XII., p. 306. "In this island [Necuveran] they have no king nor chief, but live like beasts. And I tell you they go all naked, both men and women, and do not use the slightest covering of any kind."

We have seen (Marco Polo, II., p. 308) that Mr. G. Phillips writes (J.R.A.S., July, 1895, p. 529) that the name Tsui-lan given to the Nicobars by the Chinese is, he has but little doubt, "a corruption of Nocueran, the name given by Marco Polo to the group. The characters Tsui-lan are pronounced Ch'ui lan in Amoy, out of which it is easy to make Cueran. The Chinese omitted the initial syllable and called them the Cueran Islands, while Marco Polo called them the Nocueran Islands." Schlegel, T'oung Pao, IX., p. 182-190, thinks that the Andaman Islands are alone represented by Ts'ui-lan; the Nicobar being the old country of the Lo-ch'a, and in modern time, Mao shan, "Hat Island." Pelliot, Bul. Ecole Ext. Orient, IV., 1904, pp. 354-5, is inclined to accept Phillip's opinion. He says that Mao-shan is one island, not a group of islands; it is not proved that the country of the Lo ch'a is the Nicobar Islands; the name of Lo-hing-man, Naked Barbarians, is, contrary to Schlegel's opinion, given to the Nicobar as well as to the Andaman people; the name of Andaman appears in Chinese for the first time during the thirteenth century in Chao Ju-kwa under the form Yen-t'o-man; Chao Ju-kwa specifies that going from Lambri (Sumatra) to Ceylon, it is an unfavourable wind which makes ships drift towards these islands; on the other hand, texts show that the Ts'ui-lan islands were on the usual route from Sumatra to Ceylon.—Gerini, Researches, p. 396, considers that Ts'ui-lan shan is but the phonetic transcript of Tilan-chong Island, the north-easternmost of the Nicobars.—See Hirth and Rockhill's Chau Ju-kwa, p. 12n.—Sansk. narikera, "cocoanuts," is found in Necuveram.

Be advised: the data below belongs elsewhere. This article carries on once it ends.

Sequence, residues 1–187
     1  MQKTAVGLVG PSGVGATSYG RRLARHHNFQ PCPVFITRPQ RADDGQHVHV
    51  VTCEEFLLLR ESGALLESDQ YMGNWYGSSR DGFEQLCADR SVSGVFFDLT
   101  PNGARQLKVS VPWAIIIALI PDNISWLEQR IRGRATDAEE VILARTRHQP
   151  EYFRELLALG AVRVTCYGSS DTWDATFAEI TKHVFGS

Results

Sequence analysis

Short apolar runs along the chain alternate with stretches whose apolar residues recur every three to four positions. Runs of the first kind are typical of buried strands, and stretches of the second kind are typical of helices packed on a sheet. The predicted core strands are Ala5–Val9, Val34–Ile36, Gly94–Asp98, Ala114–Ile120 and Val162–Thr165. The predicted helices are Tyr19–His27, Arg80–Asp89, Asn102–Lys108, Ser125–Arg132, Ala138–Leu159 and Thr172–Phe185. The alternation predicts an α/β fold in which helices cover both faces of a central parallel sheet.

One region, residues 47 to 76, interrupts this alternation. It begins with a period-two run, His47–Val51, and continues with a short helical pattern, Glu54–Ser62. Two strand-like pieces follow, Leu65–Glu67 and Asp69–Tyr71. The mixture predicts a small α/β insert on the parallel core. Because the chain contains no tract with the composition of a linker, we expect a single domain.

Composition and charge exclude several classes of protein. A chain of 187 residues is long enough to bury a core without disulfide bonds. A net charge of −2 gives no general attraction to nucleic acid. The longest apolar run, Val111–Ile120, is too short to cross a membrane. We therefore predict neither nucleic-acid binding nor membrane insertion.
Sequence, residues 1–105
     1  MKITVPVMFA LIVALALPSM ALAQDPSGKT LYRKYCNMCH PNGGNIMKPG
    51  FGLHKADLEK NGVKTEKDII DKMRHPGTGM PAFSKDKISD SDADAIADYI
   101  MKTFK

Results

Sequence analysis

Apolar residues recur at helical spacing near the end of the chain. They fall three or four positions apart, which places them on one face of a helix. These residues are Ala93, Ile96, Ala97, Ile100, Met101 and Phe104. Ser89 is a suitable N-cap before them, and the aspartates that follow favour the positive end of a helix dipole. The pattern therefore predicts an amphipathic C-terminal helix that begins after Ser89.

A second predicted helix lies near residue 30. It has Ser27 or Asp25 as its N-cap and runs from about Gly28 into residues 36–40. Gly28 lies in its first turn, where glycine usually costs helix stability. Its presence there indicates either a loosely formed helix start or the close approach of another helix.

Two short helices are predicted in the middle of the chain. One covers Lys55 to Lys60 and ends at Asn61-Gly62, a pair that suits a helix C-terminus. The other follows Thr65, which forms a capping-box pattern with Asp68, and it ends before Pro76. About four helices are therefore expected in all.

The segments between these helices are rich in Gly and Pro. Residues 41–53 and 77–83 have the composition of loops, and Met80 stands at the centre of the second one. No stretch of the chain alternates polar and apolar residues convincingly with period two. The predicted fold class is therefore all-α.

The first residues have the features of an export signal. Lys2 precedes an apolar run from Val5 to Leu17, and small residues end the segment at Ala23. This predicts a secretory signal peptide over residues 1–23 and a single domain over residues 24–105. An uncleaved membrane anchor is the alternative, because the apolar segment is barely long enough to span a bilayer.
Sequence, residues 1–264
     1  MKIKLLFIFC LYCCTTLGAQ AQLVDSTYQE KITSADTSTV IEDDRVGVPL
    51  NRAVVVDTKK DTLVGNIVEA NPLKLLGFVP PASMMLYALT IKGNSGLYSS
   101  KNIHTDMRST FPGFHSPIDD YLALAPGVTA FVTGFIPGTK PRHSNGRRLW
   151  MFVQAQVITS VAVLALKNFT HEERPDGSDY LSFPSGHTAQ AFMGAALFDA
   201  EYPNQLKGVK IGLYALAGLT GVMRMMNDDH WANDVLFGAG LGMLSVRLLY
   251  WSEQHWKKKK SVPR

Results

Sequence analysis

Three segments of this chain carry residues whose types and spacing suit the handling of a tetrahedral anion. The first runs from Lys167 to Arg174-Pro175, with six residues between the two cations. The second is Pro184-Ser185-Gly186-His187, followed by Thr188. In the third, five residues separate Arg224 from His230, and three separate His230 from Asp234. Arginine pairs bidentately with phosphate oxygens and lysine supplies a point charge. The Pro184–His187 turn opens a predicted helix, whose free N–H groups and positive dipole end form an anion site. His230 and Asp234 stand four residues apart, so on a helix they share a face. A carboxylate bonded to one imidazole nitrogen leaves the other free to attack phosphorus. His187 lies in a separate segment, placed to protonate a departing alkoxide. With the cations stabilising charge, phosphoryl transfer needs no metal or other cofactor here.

XIII., p. 309.


"When sailing from Lan-wu-li to Si-lan, if the wind is not fair, ships may be driven to a place called Yen-t'o-man [in Cantonese, An-t'o-man]. This is a group of two islands in the middle of the sea, one of them being large, the other small; the latter is quite uninhabited. The large one measures seventy li in circuit. The natives on it are of a colour resembling black lacquer; they eat men alive, so that sailors dare not anchor on this coast.

"This island does not contain so much as an inch of iron, for which reason the natives use (bits of) conch-shell (ch'ö-k'ü) with ground edges instead of knives. On this island is a sacred relic, (the so-called) 'Corpse on a bed of rolling gold….'" (CHAU JU-KWA, p. 147.)